For the last 20 years, state and local pension plans’ assumed rates of return have been far too optimistic. The distributions of average (geometric mean) assumed investment returns and actual returns from 2001 to 2020 demonstrate this. The figure below shows the distribution of the average assumed investment return rate versus actual investment returns for 200 of the largest state and local pension plans in the United States. The median assumed rate of return over the last 20 years was 7.7 percent per year, the median actual rate of investment return for these public pension plans was 5.7 percent.
This two percent difference helps to explain the nearly 30 percent drop in the average pension plan funded ratio over the same period. In recent years, many pension plans lowered their assumed rates of return.
The visualizations display how private equity investments have grown in popularity. Private equity allocations are now the third-largest asset class for public pension plans, growing from 3.62 of nationwide plan portfolios in 2001 to 9.15 percent in 2019.
Portfolio managers should be free to pursue whatever investment philosophies they believe are in the best long-run interests of their plan members. However, policymakers, pension plan members, and taxpayers should be aware of these trends and the risks that come with them. Pension systems and lawmakers need to address the growing risk of volatility in ways that maintain a plan’s resiliency to unpredictable market factors. Also, plan stakeholders should be wary of a situation where the tail wags the dog—with pension systems swapping safety for risk and volatility as they chase outdated and overly optimistic investment return assumptions.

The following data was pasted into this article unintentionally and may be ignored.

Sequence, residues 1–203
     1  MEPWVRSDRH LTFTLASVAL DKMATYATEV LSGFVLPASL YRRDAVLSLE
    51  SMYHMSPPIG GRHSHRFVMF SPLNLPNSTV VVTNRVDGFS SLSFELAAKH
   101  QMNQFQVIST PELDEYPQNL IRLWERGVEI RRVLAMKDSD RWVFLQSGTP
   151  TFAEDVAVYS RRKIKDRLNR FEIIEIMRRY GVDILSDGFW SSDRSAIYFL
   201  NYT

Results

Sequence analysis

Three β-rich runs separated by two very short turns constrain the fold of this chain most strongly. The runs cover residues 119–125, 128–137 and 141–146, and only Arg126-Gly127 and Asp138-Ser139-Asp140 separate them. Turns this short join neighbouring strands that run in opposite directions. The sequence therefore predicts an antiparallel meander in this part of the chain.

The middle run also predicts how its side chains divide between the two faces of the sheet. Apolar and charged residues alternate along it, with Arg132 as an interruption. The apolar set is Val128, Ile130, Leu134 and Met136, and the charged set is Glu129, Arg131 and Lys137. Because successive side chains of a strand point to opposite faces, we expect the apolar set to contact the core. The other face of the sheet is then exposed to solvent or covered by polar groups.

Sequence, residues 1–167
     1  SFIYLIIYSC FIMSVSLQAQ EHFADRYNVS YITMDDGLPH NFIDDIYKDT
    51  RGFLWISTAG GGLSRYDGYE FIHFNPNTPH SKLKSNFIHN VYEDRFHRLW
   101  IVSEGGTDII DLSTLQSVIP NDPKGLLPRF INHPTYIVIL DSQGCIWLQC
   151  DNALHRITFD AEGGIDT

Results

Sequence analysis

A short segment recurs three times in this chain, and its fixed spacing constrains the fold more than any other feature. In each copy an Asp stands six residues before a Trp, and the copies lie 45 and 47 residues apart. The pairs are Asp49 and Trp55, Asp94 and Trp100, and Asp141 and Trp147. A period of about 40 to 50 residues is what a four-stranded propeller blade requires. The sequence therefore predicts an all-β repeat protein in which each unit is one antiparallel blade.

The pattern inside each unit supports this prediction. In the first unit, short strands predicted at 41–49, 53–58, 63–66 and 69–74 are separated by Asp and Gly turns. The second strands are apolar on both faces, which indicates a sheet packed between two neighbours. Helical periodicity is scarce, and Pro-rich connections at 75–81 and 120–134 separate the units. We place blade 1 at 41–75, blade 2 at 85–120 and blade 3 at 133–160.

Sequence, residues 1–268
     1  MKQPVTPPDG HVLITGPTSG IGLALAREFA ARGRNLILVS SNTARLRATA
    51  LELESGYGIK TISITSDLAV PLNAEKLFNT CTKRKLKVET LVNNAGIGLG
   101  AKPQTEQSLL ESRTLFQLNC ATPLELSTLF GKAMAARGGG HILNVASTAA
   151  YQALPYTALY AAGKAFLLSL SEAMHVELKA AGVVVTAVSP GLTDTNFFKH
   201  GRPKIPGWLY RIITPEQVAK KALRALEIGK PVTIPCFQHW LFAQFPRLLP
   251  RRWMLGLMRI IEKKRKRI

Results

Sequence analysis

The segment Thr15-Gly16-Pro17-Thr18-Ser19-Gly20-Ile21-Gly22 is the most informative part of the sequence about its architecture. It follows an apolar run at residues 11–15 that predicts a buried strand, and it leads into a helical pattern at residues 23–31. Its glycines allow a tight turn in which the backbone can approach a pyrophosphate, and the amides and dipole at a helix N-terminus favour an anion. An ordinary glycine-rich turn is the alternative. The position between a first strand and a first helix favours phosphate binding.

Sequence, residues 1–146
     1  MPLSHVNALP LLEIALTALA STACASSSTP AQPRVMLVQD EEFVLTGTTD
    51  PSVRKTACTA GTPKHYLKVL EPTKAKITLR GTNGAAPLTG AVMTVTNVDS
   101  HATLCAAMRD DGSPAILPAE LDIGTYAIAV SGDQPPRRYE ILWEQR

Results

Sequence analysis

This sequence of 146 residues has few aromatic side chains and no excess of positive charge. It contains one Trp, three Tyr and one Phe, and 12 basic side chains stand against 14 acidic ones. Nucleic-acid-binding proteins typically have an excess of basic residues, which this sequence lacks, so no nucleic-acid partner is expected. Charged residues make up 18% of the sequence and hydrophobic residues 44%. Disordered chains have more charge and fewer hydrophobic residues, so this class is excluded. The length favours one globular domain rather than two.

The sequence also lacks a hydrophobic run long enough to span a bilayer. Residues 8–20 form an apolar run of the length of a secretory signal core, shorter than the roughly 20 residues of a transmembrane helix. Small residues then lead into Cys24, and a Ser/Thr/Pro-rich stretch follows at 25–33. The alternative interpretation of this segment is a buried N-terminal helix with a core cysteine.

Over time, changes in a pension plan’s funded ratio, also referred to as a pension’s funded status, can show the rate at which the plan’s debt is growing.
In 2001, West Virginia was the only state where public pension plans had an aggregate funded ratio of less than 60 percent. However, 18 years later, in 2019, nine states faced aggregate funded ratios below 60 percent.
In that same time period, the number of states with funded ratios below 70 percent (but above 60 percent) grew from three to 14. Together, these numbers show that, as of 2019, 23 states had less than 70 percent of the assets on hand that they need to be able to pay for promised future retirement benefits.